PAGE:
Wednesday 21 June 2017


The public exhibition period for the codes and regulations associated with the  NSW  government’s deeply unpopular Biodiversity Conservation and Local Land Services Amendment Acts ended on June 21.  

The National Parks Association of NSW (NPA) is urging the government to close loopholes and rein in self-assessable codes in order to salvage some protections for NSW’s beleaguered flora and fauna.


NPA CEO Kevin Evans said: “These laws have been, from the very beginning, a political witch hunt.

“A small group of rogue agribusinesses were hell bent on striking down the Native Vegetation Act in order to perform a modern equivalent of slash and burn agriculture.

“We’ve seen shocking allegations in the media about political interference in land clearing investigations; images of burning vegetation thought to be illegally cleared and even witnessed the murder of a compliance officer from the Office of Environment and Heritage who was investigating land clearing.

“It’s from these murky depths that the new laws have surfaced. So it’s no shock they’re not fit for purpose.”

NPA Senior Ecologist, Dr Oisín Sweeney said: “If the government’s serious about protecting the environment, we (as members of the Stand up for Nature Alliance)  have made some recommendations that will make a big difference.

“The Equity Code should be scrapped because it permits broad-scale land clearing. This was never intended in the original review of biodiversity legislation and is a key reason Professor Hugh Possingham resigned from the independent panel.

“The Farm Plan Code should be scrapped because this permits the clearing of paddock trees and woodland patches that are vital havens of biodiversity throughout the sheep-wheat belt. It also places the entire onus of identifying ecological communities onto farmers which is just not fair.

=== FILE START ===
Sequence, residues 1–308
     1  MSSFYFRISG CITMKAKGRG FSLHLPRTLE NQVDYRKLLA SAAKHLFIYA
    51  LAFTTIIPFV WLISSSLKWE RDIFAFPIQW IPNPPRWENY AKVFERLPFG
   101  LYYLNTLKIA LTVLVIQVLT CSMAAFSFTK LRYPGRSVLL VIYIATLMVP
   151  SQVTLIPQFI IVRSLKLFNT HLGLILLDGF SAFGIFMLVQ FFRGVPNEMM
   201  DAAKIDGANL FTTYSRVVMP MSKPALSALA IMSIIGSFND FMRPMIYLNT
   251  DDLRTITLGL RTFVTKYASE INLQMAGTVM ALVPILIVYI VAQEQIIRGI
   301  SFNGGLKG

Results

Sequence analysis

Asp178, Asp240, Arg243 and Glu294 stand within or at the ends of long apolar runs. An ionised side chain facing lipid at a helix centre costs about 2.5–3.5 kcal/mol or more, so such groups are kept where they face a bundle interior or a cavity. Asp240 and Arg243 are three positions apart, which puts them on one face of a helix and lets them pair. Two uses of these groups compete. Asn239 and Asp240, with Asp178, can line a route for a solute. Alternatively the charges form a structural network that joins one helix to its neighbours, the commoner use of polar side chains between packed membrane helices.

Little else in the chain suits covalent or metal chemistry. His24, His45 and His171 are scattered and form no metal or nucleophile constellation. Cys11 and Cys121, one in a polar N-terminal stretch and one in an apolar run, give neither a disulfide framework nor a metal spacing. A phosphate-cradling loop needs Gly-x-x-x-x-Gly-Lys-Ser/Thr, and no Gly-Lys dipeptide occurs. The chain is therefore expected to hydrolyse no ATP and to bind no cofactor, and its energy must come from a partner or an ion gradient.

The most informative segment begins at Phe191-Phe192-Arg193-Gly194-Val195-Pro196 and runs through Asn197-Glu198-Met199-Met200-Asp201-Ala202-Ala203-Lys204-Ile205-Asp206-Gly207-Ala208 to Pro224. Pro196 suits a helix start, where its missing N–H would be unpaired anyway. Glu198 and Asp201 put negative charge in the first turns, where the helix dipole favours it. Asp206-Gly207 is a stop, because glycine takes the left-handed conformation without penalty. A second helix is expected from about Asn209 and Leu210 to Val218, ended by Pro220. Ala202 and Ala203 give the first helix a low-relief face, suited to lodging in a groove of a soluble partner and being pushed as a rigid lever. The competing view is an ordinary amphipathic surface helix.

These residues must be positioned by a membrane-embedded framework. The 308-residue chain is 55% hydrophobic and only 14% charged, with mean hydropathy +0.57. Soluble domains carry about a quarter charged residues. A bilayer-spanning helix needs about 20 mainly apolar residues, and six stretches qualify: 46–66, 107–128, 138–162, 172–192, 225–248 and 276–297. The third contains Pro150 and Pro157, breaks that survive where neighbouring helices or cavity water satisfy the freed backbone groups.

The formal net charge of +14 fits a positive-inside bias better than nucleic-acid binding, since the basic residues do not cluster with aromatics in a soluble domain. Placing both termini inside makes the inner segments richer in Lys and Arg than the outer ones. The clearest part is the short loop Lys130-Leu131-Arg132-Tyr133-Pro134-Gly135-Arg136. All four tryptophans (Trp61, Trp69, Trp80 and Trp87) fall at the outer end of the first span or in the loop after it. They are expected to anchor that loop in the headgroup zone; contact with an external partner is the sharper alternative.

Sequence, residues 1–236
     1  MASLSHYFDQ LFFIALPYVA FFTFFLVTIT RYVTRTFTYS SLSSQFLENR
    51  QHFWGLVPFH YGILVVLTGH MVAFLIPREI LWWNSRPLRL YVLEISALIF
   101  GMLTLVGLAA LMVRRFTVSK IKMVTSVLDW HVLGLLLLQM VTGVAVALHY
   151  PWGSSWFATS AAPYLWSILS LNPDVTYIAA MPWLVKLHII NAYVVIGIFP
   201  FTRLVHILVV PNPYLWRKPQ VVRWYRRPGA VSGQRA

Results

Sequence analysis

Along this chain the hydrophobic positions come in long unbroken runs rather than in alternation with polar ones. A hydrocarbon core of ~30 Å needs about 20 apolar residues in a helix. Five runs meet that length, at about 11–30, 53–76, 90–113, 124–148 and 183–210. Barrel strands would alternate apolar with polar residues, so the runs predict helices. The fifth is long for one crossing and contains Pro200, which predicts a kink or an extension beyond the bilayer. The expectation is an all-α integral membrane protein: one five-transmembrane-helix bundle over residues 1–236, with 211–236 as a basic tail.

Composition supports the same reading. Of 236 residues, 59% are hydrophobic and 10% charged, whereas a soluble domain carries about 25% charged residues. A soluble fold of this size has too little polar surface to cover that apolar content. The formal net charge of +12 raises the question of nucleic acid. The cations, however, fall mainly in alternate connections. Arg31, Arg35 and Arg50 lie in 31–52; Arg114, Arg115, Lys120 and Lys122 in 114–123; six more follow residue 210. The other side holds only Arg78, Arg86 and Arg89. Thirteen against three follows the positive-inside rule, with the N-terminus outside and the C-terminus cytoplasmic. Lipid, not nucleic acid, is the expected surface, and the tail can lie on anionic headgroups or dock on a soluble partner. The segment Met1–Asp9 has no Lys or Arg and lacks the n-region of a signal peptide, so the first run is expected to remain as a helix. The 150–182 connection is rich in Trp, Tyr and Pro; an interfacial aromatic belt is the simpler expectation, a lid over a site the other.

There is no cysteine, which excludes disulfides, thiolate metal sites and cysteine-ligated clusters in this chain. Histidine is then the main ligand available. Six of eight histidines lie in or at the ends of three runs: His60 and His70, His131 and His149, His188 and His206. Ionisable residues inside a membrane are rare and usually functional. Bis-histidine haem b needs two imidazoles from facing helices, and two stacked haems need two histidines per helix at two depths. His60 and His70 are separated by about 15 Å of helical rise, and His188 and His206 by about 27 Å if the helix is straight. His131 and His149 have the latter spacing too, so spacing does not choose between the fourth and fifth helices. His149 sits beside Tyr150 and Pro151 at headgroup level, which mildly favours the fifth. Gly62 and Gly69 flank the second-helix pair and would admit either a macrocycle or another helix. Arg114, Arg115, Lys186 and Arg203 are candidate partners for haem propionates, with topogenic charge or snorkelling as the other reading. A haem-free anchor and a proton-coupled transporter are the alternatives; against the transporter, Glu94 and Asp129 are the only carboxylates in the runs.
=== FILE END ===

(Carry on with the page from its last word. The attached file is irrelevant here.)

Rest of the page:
“Exclusions from code-based clearing must apply to vulnerable and endangered ecological communities and species, not just critically endangered.

“The Travelling Stock Route network should immediately be declared an Area of Outstanding Biodiversity Value in recognition of its importance both to nature conservation and cultural heritage.

“And the implementation of the entire scheme must be delayed until critical missing pieces of the puzzle are finalised and exhibited. These include the maps, the government’s koala strategy, the grasslands assessment method, the biodiversity conservation investment strategy and the new Vegetation State Environment Planning Policy.

“Importantly, Local Land Services must conclude recruitment and staff training well before implementation. As the primary front line agency implementing these reforms, failing to ensure they’re prepared will result in serious but avoidable problems and a lack of transparency.

“Turning on the legislation before all the pieces are in place is asking for confusion and inviting mistakes.”